For the record yes, I have been studying Japanese, and I’m waaaaay better than I was when I first came. (For example, I don’t run away crying at McDonald’s anymore when they ask me if it’s eat in or take out),  but no I’m still not fluent.

I’ll cut James some slack, because before I did any research at all about what being an expat in Japan would be like, I also thought that I would be able to converse pretty smoothly in Japanese after just one year. I was…wrong, so wrong, but I think this is an idea a lot of people have. The hard truth is if you move to Japan, especially to teach English, after a year you probably still won’t understand even half of what people are saying to you, and here’s why:

You’re Not Really Immersed in Japanese

In fact when you first get here most of your long and/or meaningful conversations will be in English because…you can’t speak Japanese! So you’re going to seek out English services, get friends and coworkers to help you, and continue speaking in the language you actually know how to speak. You’re going to stream movies in English, listen to your English music on your iPod, think in English, eat, sleep and shower all in the King’s English. Plus, if you work teaching English that’s — what — eight hours a day where you’re in an English environment. In fact where I work we’re discouraged from even letting the students know we can speak Japanese. The idea is to try to immerse the students in English for the time they’re at the school. So I’m actually not hearing as much Japanese as I thought I would.

You (Hopefully) Have a Life

Alright, I suppose it’s technically possible to become at least conversational in Japanese after only one year, but it will be at the complete expense of your social life and you’ll have no one to converse with anyway. It’s not like you can just hear Japanese and magically “learn” it. It takes time, and it takes study. Even if you did want to go the “I’ll just listen and pick it up” route,  think about this: A Japanese baby, living in Japanese society, hearing Japanese since birth, using his baby language-learning super powers to suck up the language into his eager baby brain, will still take a good three to four years to start stringing together sophisticated sentences. So if you want to get past cave-man Japanese in just one year, you’re going to have to work at it like it’s your 9-5.

People Will Want to Practice their English with You

So you’ve made some Japanese friends, maybe got a Japanese boyfriend or girlfriend, gotten chummy with your coworkers…what a great resource of people to help you learn Japanese right? Wrong, because you are actually a great resource, a real live English conversation specimen, they can use to hone their English. And referring back to point one, if you want to have any kind of meaningful conversations with your friend/partner it’ll have to be done in English. Besides, your friends aren’t teachers. They may mean well and truly want to help at first, but the halting conversations about the weather will quickly wear thin. I hate to say it, but it’s much more exciting/beneficial for your friends to use you to develop their own English skills, and who can blame ‘em?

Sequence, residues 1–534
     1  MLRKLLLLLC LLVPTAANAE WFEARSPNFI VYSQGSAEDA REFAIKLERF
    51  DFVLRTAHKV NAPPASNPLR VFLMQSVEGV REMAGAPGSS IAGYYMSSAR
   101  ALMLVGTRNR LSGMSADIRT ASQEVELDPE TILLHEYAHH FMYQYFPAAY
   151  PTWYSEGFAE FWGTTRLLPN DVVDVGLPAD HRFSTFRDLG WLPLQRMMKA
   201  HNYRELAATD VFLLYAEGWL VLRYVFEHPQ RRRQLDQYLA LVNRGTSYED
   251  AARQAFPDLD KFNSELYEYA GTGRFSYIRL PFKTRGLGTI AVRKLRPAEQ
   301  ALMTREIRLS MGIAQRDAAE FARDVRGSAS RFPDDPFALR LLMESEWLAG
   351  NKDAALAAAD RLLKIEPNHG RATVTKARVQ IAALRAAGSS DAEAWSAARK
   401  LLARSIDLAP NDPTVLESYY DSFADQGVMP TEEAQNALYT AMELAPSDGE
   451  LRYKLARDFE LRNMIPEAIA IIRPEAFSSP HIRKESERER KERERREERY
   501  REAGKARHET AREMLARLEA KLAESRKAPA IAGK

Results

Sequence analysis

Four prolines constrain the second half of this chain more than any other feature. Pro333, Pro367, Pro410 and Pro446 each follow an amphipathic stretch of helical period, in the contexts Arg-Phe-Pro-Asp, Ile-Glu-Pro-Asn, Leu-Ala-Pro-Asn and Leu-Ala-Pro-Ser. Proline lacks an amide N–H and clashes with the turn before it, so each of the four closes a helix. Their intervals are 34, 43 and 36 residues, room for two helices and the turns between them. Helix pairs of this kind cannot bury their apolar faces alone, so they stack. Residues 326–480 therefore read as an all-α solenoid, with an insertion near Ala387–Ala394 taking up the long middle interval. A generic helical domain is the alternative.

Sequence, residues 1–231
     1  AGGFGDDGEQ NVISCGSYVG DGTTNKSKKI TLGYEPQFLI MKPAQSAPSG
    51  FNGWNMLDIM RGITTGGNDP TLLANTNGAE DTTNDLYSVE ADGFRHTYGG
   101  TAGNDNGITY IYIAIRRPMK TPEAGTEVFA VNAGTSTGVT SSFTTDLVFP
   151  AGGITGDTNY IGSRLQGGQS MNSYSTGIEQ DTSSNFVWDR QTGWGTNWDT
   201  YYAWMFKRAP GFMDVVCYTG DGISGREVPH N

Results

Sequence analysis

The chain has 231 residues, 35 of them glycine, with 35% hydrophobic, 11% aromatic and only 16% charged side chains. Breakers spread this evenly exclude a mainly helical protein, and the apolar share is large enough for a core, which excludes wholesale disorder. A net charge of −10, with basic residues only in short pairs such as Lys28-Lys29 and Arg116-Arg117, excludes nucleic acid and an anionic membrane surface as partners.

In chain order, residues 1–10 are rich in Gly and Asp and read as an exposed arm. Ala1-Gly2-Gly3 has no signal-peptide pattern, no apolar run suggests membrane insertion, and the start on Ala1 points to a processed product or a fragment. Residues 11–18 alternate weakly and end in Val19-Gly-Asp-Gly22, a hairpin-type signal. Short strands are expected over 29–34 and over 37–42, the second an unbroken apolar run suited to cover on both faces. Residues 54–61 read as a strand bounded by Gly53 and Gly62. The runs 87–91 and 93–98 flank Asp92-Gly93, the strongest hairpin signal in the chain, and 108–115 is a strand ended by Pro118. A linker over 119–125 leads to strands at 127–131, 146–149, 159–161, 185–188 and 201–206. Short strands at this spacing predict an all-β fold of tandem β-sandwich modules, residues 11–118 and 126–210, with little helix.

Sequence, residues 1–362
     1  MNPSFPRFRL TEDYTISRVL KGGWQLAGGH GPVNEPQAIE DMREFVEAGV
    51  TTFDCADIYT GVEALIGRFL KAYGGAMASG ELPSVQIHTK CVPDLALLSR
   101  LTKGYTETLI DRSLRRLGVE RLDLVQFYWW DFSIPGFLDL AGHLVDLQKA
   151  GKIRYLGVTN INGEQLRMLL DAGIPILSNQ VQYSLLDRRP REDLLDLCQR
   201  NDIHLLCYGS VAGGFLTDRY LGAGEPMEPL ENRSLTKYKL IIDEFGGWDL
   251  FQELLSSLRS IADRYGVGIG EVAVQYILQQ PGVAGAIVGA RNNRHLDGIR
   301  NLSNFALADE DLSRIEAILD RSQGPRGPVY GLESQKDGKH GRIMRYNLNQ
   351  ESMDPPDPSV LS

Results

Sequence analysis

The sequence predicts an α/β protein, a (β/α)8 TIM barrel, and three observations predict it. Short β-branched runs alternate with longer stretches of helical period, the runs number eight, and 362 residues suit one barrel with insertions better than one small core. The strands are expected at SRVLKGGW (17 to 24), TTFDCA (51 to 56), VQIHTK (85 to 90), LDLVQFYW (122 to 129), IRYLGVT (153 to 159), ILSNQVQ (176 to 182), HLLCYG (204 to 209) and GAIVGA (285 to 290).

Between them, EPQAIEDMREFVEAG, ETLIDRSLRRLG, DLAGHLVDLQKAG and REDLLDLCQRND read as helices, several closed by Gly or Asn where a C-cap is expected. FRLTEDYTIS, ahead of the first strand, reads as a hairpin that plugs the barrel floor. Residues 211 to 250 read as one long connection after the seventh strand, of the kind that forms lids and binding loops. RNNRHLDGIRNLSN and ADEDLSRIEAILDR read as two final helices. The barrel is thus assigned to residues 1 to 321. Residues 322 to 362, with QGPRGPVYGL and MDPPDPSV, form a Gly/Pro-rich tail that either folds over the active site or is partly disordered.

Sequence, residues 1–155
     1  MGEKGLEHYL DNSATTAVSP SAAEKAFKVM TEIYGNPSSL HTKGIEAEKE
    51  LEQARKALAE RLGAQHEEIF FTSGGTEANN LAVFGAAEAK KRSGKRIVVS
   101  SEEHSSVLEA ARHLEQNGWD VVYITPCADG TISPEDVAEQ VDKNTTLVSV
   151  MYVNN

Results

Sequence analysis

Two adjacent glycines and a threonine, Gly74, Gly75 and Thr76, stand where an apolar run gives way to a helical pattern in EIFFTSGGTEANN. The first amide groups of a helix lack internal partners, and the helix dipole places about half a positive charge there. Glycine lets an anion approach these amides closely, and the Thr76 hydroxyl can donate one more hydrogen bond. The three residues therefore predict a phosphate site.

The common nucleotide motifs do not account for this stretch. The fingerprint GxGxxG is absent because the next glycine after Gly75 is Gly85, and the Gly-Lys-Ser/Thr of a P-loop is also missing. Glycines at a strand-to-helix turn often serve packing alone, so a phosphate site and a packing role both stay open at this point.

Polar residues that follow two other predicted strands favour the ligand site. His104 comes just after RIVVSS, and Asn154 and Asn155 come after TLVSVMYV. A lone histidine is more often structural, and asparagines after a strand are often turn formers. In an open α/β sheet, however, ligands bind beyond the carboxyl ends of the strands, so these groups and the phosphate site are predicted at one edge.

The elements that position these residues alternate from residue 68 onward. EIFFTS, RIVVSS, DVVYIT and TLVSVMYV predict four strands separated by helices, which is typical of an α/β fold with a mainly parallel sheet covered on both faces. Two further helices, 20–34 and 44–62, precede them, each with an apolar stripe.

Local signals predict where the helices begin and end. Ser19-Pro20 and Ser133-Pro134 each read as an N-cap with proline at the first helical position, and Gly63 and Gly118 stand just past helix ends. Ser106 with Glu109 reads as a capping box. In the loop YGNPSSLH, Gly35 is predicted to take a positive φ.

So this is my story for why I’m still not bilingual yet, and I’m sticking to it. And don’t get me wrong, despite what I’ve written above I actually really enjoy learning Japanese. I get a secret thrill whenever I understand a few words of what someone has said, and sometimes I even catch a whole sentence! So although I won’t be fluent this year or even next, I’m going to keep at it. And if I’m lucky maybe this time next year I’ll be able to order a pizza.

…And screw you, James.

How I Faced my Fears and Moved to Tokyo

Skydiving Facing FearsIf you’re wondering if you too can take on life as an expat in the country you’ve been admiring from afar, the answer is yes, you can.

Really!

Here’s the thing: My trip to Japan actually started years before I even set foot on the plane. I’d heard about the Japan Exchange and Teaching program (more commonly known as JET) in my first year of University, and given my love at the time for everything I knew about Japan (which was pretty much Final Fantasy, Dragon Ball Z and neon leg warmers) I was determined to sign on once I had the required degree. But…I was scared. At that point I don’t think I’d even been away from my parent’s house for more than a week. Plus I’d been researching — reading about what life was like for foreigners in Japan on blogs and forums, and it wasn’t always positive. Mixed in with stories about ultimate temple crawling and sushi so delicious it could bring peace to the Middle East were anecdotes about racism in Japan: TV shows that catered to stereotypes, Black Sambo dolls, Mr. James (a caricature of a clueless Caucasian foreigner used in a McDonald’s ad campaign) and silly questions and comments like, “do you play basketball?” (if you’re a black foreigner), or “foreigners can’t learn Japanese”.

Fast forward four years and I’d graduated from University, but I needed internship experience to get my journalism diploma from the college I had also been fast tracking through at the time. And that’s how I found myself in an office, working that 9-5, instead of saying a teary goodbye to my family at the airport.

I finished the internship, but stayed on to pay my student loans. One year at the company turned into two, and then three, and suddenly I found myself stressed out over deadlines wondering “whatever happened to Japan?” I started researching Eikaiwa schools because I knew that if I worked with JET I’d probably get sent out to the bush where no one spoke English, and moving to Japan was already tough enough.  Finally, after spending a fitful night worrying about an issue I would have to fix at work on Monday, I woke up one Sunday morning, turned on my computer and just applied online to the school that seemed the best fit.